New tool helps women decide on hormone therapy options after surgical menopause

U of A pharmacy researchers create patient decision aid for hormone therapy to manage symptoms of early surgical menopause

A University of Alberta research team has created a patient decision aid that supports women making decisions on hormone therapy for the management of early surgical menopausean induced menopause caused by the removal of both ovaries before natural menopause occurs.

Nese Yuksel, professor in the Faculty of Pharmacy and Pharmaceutical Sciences, along with her previous PhD student who worked on the project as part of her PhD thesis, Tasneem Siyam, now a faculty member at Fatima College of Health Sciences in Abu Dhabi, and their research team, published a paper today on the development of a patient decision aid (PDA), SheEmpowers, that will allow women who have had a surgical menopause to better understand, assess and decide on hormone therapyone of the best options for managing symptoms of early surgical menopause and preventing long-term health consequences.

“Women experiencing early surgical menopause experience menopausal symptomslike hot flashes, night sweats, sleep issues, mood effects and vaginal drynessmore abruptly and more severely compared to natural menopause,” says Yuksel. “These women can also be at risk for additional long-term health consequences from the loss of estrogen, such as osteoporosis, cardiovascular disease and cognitive decline.”

Although current guidelines recommend the use of hormone therapy in women who have early menopause to mitigate symptoms until the average age of menopause, Yuksel says it is greatly underused among surgically menopausal women.

“In a previous study we had done, only one-third of patients with early surgical menopause were using hormone therapy,” says Yuksel. “This is what set the groundwork for the development of the patient decision aid, which is a tool that fosters informed decision-making through incorporating patients’ preferences, values and decisional needs regarding medication or procedure.”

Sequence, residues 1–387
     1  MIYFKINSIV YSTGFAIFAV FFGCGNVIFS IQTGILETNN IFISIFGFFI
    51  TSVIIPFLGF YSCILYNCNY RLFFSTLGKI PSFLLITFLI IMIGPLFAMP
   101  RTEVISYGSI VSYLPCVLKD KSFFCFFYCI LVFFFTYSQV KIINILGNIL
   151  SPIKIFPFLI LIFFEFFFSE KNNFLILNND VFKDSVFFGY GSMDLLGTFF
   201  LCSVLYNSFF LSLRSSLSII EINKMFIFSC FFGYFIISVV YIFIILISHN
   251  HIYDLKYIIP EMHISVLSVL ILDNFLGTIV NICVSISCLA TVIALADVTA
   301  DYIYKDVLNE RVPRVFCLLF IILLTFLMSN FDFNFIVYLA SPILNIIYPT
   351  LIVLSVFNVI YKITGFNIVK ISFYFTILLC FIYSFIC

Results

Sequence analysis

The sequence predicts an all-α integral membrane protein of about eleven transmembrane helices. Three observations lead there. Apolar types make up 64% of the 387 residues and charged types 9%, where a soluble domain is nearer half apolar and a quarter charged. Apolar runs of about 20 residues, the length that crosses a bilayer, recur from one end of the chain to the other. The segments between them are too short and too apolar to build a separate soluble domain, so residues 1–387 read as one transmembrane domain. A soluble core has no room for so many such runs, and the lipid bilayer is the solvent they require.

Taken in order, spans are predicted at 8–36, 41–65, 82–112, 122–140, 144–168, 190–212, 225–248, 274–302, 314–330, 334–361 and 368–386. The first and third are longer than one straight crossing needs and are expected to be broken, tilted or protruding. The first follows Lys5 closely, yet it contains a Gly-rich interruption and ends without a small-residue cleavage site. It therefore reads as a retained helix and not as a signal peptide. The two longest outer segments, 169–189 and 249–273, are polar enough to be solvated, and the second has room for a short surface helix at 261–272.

Through focus groups made up of women from the menopause clinics at the Lois Hole and Grey Nuns hospitals, the research team initially determined the decisional needs and desired information related to early surgical menopause. Women in the focus groups called for more of the resources that helped them through the experience—like those they found at the Menopause Clinics at the Lois Hole Hospital for Women and the Grey Nuns Community Hospital—and identified their learning needs related to symptoms with surgical menopause, treatment options and support resources. Based on these decisional needs, as well as current evidence and best practices, the SheEmpowers patient decision aid was developed.

“The SheEmpowers PDA includes five domains: information on surgical menopause and hormone therapy, outcomes probabilities, patient stories, explicit values clarification, and guidance in deliberation and decision-making,” says Yuksel. “It helps women to make informed decisions about their options that are aligned with their values.”

So far, the PDA has gone through the first phase of evaluation with women who have had an early surgical menopause and with clinician stakeholders. 

“The SheEmpowers PDA has had good acceptability by both patients and clinicians with our first evaluation phase,” says Yuksel. “We feel this PDA will be a great tool to guide and support women making hormone therapy decisions with early surgical menopause, and are thankful to all the women and clinician experts who participated in the development. We are looking forward to our next phase of this project.”

Next, the acceptability and feasibility of the PDA are to be evaluated in a larger cohort of women, as well as with clinicians not involved in the early development. The research team will be testing the PDA in real-life settings.

This research was supported by funds from generous supporters of the Lois Hole Hospital for Women through the Women and Children’s Health Research Institute (WCHRI), and the Philip Cash Pharmacy Research Excellence Endowment.